Submit a Manuscript to the Journal

Journal of Prevention & Intervention in the Community

For a Special Issue on

Positive Psychology Concepts in Community Psychology

Abstract deadline
15 May 2024

Manuscript deadline
15 September 2024

Cover image - Journal of Prevention & Intervention in the Community

Special Issue Editor(s)

Roger N. Reeb, PhD, University of Dayton
[email protected]

Nyssa L. Snow-Hill, PhD, DePaul University
[email protected]

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Positive Psychology Concepts in Community Psychology

The Journal of Prevention & Intervention in the Community (JPIC) invites you to submit an abstract for consideration in a special issue on “Positive Psychology Concepts in Community Psychology.” JPIC, in print since 1995, provides professionals with up-to-date information on effective programs for community intervention and prevention. With an emphasis on mental health and human services, JPIC is of interest to community researchers, healthcare and helping professionals considering new approaches to service delivery and community practice, clinical supervisors, education specialists, and administrators in human services.

Seligman and Csikszentmihalyi (2000) introduced positive psychology to address the following criticism regarding the discipline of psychology: “The exclusive focus on pathology that has dominated so much of our discipline results in a model of the human being lacking the positive features that make life worth living” (p. 5). Positive psychology may be defined as the scientific study of human flourishing at multiple levels, including personal dimensions (psychological, biological, relational) and broader ecological (e.g., family, community, institutional) and global dimensions. Examples of concepts affiliated with the expanding domain of positive psychology include: wellness, quality of life, flourishing, positive prevention, hope and optimism, resiliency, recovery, mindfulness, capacity for love and vocation, courage, meaning/purpose in life, wisdom, interpersonal skill, human agency, healthy coping, flow, awe, compassion, self-reflection, positive communities and institutions, social responsibility, social justice, and tolerance.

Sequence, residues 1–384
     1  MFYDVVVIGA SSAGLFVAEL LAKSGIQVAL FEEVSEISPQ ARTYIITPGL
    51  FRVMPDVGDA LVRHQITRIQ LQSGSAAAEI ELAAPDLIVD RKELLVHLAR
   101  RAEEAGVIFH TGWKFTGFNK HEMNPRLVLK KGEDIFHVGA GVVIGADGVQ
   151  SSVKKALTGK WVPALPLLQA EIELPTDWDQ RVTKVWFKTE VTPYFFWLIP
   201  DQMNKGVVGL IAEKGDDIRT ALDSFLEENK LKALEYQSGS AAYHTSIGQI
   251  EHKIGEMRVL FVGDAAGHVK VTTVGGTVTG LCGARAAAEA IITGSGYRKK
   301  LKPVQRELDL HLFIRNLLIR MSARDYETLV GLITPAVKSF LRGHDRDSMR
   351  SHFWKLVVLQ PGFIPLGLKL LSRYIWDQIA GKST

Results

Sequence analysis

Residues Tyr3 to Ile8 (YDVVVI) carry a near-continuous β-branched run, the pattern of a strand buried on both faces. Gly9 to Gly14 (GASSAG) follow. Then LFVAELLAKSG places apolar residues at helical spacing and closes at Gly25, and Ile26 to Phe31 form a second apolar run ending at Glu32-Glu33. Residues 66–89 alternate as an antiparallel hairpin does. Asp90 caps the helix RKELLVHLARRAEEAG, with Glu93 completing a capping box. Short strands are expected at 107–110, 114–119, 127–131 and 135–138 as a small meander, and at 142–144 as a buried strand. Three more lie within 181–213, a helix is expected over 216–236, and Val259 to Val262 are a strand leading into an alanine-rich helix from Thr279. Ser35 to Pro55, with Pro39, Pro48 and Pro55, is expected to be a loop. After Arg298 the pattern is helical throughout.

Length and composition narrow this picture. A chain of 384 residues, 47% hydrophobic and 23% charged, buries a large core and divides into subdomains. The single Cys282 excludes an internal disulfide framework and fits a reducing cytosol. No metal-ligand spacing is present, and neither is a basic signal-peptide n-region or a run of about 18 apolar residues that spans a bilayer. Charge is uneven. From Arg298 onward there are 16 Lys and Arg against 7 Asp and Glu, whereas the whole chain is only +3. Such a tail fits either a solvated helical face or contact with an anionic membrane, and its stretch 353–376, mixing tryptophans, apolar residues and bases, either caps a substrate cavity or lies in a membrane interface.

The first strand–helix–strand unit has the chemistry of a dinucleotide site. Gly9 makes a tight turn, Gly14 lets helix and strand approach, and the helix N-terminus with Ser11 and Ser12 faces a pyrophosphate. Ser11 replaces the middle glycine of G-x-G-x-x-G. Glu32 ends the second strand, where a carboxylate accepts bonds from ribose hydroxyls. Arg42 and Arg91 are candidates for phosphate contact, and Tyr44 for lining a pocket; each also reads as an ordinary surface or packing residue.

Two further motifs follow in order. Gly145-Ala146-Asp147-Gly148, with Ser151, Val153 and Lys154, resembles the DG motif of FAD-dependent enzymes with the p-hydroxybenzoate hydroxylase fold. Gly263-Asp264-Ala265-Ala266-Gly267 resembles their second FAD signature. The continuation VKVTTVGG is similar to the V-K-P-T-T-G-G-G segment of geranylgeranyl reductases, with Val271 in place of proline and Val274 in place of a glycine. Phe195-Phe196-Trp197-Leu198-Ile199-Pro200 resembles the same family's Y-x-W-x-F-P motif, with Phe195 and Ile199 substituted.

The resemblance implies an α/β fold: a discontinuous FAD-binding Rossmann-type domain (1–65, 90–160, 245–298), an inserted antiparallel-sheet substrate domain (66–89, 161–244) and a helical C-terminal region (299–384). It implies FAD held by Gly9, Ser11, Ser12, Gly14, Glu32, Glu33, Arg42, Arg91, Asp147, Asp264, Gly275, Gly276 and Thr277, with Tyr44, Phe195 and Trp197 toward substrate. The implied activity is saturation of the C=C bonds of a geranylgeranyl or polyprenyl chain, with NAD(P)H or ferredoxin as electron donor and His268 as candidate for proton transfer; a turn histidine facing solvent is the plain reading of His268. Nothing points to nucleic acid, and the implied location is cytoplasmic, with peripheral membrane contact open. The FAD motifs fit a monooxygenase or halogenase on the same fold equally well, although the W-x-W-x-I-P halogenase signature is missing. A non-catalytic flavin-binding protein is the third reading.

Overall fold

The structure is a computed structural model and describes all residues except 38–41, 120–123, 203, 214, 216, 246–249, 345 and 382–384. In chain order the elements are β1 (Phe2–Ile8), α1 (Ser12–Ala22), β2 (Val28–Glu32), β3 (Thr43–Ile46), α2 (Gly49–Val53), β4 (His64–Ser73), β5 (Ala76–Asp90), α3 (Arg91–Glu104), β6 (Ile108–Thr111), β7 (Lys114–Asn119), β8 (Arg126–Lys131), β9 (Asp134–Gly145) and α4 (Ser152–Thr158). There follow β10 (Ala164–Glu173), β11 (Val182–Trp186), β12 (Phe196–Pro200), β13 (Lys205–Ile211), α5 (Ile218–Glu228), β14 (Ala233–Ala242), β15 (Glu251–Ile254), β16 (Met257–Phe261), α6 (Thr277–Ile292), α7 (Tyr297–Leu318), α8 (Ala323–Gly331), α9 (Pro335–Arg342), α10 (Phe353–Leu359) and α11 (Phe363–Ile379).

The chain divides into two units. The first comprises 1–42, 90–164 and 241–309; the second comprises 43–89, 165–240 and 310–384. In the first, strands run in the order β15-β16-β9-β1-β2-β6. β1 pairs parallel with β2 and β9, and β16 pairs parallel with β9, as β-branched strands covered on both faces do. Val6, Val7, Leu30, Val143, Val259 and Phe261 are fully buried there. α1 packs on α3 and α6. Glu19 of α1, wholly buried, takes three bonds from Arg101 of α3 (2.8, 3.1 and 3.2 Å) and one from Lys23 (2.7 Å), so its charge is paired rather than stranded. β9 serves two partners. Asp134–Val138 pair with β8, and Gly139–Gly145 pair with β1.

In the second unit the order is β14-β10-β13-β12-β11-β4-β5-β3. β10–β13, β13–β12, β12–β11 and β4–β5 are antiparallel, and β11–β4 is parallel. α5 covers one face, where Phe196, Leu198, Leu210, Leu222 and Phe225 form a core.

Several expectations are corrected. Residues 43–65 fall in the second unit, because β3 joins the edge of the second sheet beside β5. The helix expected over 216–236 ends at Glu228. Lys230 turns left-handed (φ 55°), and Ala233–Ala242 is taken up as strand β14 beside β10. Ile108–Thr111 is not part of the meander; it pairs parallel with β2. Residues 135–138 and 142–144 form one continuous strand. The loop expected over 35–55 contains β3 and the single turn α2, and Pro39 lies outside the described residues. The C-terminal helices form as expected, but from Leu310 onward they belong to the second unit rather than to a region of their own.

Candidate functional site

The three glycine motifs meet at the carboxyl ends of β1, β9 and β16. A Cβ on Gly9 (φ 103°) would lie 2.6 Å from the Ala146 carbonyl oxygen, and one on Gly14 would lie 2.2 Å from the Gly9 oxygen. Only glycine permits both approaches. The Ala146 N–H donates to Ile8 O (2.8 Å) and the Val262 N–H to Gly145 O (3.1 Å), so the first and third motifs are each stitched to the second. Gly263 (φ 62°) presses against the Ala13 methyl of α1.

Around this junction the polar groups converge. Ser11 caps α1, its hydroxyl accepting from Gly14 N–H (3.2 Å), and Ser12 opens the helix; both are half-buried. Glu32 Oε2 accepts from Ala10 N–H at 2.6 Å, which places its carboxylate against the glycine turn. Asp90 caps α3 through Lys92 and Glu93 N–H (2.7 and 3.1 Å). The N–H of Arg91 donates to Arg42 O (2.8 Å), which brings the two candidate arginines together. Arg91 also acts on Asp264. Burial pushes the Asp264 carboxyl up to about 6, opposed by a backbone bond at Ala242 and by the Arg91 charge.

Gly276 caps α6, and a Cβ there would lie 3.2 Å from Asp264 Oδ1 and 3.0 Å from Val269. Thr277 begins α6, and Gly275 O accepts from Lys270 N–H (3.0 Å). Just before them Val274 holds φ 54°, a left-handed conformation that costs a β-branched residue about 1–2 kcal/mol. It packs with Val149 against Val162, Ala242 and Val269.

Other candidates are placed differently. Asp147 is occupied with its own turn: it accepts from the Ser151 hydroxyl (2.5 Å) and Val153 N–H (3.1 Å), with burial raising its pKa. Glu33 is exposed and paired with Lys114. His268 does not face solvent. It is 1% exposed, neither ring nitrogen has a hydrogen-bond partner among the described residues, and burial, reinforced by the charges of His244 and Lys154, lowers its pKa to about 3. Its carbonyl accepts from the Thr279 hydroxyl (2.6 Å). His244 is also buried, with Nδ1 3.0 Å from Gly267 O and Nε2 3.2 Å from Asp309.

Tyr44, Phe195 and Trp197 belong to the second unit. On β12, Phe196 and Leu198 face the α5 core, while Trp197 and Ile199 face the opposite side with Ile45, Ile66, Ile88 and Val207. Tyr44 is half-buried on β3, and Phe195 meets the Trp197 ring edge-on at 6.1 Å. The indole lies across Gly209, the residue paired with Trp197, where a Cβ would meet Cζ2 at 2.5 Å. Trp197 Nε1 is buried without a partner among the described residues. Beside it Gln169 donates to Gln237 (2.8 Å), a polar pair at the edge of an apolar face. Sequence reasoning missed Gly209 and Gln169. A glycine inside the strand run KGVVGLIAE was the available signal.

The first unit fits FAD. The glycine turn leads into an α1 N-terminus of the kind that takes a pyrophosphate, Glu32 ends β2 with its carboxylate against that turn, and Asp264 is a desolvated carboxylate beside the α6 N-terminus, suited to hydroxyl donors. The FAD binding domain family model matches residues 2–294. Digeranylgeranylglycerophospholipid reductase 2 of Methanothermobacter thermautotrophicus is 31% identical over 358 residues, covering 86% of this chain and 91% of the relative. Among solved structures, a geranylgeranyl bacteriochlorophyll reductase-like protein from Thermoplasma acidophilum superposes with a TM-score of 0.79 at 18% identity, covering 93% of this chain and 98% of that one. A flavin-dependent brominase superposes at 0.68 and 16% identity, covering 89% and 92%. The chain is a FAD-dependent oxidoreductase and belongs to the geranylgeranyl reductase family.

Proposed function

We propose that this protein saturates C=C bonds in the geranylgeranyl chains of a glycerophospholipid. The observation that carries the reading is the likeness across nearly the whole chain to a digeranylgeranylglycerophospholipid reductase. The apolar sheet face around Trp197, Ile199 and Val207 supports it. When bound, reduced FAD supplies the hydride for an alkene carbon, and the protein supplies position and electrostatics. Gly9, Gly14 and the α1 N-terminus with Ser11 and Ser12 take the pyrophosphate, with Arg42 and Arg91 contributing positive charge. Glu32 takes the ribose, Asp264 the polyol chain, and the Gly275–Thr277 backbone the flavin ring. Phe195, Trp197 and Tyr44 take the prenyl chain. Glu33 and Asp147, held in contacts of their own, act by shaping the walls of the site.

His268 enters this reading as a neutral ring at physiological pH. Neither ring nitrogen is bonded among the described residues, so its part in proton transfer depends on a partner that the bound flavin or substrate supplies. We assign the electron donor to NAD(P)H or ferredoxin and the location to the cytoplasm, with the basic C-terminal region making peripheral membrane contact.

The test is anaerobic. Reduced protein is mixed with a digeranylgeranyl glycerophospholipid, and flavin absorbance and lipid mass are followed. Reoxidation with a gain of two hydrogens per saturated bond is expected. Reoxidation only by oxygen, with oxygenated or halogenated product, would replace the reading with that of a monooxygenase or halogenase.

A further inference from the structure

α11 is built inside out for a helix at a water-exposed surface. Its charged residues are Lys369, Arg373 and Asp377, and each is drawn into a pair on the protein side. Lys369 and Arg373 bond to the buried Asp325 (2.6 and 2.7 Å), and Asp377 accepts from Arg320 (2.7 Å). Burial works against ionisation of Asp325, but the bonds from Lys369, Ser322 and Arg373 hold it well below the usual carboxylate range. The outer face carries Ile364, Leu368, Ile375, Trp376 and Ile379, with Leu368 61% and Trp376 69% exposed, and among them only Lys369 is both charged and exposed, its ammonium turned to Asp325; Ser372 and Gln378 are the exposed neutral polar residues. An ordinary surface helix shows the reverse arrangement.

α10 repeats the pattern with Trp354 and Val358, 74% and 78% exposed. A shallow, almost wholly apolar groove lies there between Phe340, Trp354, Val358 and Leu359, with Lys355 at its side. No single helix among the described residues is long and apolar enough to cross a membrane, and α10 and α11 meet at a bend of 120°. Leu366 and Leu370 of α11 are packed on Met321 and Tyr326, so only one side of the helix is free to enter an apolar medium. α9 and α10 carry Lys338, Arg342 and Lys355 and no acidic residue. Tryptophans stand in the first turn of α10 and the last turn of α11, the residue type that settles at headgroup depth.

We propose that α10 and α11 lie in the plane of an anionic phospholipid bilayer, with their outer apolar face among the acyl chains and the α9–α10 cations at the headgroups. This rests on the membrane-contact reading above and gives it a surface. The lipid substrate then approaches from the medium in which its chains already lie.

Positive psychological interventions have efficacy in improving wellbeing (meta-analysis by Sin & Lyubomirsky, 2009), and while most of this work has focused on the individual, even the first formal statement of positive psychology (Seligman & Csikszentmihalyi, 2000) emphasized that “people and experiences are embedded in a social context” (p. 8), highlighted the notion of “collective wellbeing” (p. 12), and recommended “a social science of positive community and positive institutions” (p. 12). More recently, authors have called for an integration of positive psychology and community psychology (e.g., Ronen & Kerret, 2020), e.g., a positive community psychology (Marujo & Neto, 2014; Montiel et al., 2021; Schueller, 2009), a collaborative positive psychology (Hogan, 2020), and a sustainable collective wellbeing (Ronen & Kerret, 2020). But these authors acknowledge “the bridges that need to be constructed…[to steadily build]…a new hybrid full of potential” (Marujo & Neto. 2014, p. 209) as well as a need for more inclusiveness in positive psychology (Rao & Donaldson, 2015; see a critique of positive psychology by Yakushko & Blodgett, 2021). Further, while noting the value of enhancing wellbeing at the individual level, these authors emphasize the following: the potential far-reaching benefits of combining positive psychology interventions with strategies to address structural (sociopolitical) factors (e.g., unequal distribution of resources, discrimination), the need to improve access to positive psychology interventions among vulnerable (underserved) populations, and the potential of positive psychology for environmental sustainability initiatives.

Submission Instructions

We are soliciting manuscripts that present original empirical community-based research (quantitative, qualitative, or mixed methods) that apply positive psychology concepts in prevention, intervention, and/or assessment in the community, while reflecting the values of inclusiveness, consideration of sociopolitical context, and access for vulnerable populations.

As a first step, we invite one-to-two-page proposals summarizing a pertinent research project. Submit proposals as MS Word documents to [email protected] and [email protected] (type “JPIC Special Issue” in subject line) by May 15, 2024. Authors of selected proposals will be notified by June 15, 2024. Full manuscripts to be considered for the special issue are due by September 15, 2024. Manuscripts are screened by Guest Editors, and manuscripts that meet guidelines undergo rigorous blind review by two anonymous referees. For questions about the special issue, contact Guest Co-Editors: Roger N. Reeb, PhD ([email protected]) and Nyssa Snow-Hill PhD ([email protected]). Direct all inquiries about JPIC to Editor-in-Chief Judah Viola, PhD ([email protected]).

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